Courtesy of YopriceVille.com
Throughout 2015, there was a rising furor over the role of "ghost producers"—or uncredited musicians—creating hits for some of the biggest names in mainstream electronic music. Over the summer, an online image began to circulate on social media alleging that artists like Tiësto, David Guetta, and Steve Aoki were enlisting other producers to make songs for them. The accusations quickly spread from Twitter beef, to legitimate editorial musings, and slinging mud on everyone from Diplo to Martin Garrix.
In November we covered the story of Nadja Brenneisen, a Swiss woman who tricked club promoters, festival bookers, and concert-goers worldwide into thinking she was a successful EDM DJ as part of an elaborate art project. According to Brenneisen, ghost producers played a large role in her immaculate stage present by creating the music she passed off as her own.
"It makes me angry that other DJs pass off real musicians' work as their own," she says, referring to the practice. For Ben Mühlethaler and Avesta, though, the two hired guns she enlisted for the project, she says public recognition isn't really a concern. "Success is not their top priority," she says. "What they care most about is making music for a living and being able to pay their rent."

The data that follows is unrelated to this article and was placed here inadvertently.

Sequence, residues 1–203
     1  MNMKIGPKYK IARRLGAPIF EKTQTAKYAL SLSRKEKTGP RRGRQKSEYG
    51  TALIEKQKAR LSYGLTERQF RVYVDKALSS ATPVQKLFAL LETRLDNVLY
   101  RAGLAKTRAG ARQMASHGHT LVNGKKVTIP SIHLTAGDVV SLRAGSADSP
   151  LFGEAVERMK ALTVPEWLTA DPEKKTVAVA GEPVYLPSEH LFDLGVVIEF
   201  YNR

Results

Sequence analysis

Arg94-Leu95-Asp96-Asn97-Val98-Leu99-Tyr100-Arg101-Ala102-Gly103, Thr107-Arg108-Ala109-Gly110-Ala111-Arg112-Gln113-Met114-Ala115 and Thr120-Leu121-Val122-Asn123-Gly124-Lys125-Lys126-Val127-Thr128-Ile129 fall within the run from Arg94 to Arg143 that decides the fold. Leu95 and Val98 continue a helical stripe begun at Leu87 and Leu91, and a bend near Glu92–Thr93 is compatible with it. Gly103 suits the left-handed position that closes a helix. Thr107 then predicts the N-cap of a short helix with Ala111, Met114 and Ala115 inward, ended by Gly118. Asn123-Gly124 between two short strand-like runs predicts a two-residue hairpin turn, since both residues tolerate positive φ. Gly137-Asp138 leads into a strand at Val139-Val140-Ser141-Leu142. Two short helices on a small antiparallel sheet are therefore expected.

This statement pretty accurately sums up some of the contradictions of ghost production. Depending on your thoughts on authorship, it's a practice that could easily be deemed problematic, but in the real world artists are, apparently, more than willing to sell their art for le pain quotidien. An industry has arisen in which producers who want to make money selling music can do just that—at the expense of identity.
In a 2015 Noisey article, Peter Robinson wrote about the growing trend of online services profiting from the longtime practice of ghost production in the music industry, including the electronic-focused website EDM Ghost Producer. Wanting to know more, we got in touch with one of the brains behind the US-based site—which allows producers and artists to buy and sell songs anonymously—to talk about the business.